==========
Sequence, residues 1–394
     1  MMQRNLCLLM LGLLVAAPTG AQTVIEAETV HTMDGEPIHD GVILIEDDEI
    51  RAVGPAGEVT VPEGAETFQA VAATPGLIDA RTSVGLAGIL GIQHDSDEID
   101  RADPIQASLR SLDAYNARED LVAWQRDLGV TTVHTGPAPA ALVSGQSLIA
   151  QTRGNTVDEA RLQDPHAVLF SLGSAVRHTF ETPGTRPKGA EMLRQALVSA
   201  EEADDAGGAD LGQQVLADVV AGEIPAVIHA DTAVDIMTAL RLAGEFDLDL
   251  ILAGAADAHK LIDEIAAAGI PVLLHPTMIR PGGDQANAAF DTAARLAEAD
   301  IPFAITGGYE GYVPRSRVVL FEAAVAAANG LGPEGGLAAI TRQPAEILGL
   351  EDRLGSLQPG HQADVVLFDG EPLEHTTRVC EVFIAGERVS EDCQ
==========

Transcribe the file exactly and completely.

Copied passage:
Sequence, residues 1–394
     1  MMQRNLCLLM LGLLVAAPTG AQTVIEAETV HTMDGEPIHD GVILIEDDEI
    51  RAVGPAGEVT VPEGAETFQA VAATPGLIDA RTSVGLAGIL GIQHDSDEID
   101  RADPIQASLR SLDAYNARED LVAWQRDLGV TTVHTGPAPA ALVSGQSLIA
   151  QTRGNTVDEA RLQDPHAVLF SLGSAVRHTF ETPGTRPKGA EMLRQALVSA
   201  EEADDAGGAD LGQQVLADVV AGEIPAVIHA DTAVDIMTAL RLAGEFDLDL
   251  ILAGAADAHK LIDEIAAAGI PVLLHPTMIR PGGDQANAAF DTAARLAEAD
   301  IPFAITGGYE GYVPRSRVVL FEAAVAAANG LGPEGGLAAI TRQPAEILGL
   351  EDRLGSLQPG HQADVVLFDG EPLEHTTRVC EVFIAGERVS EDCQ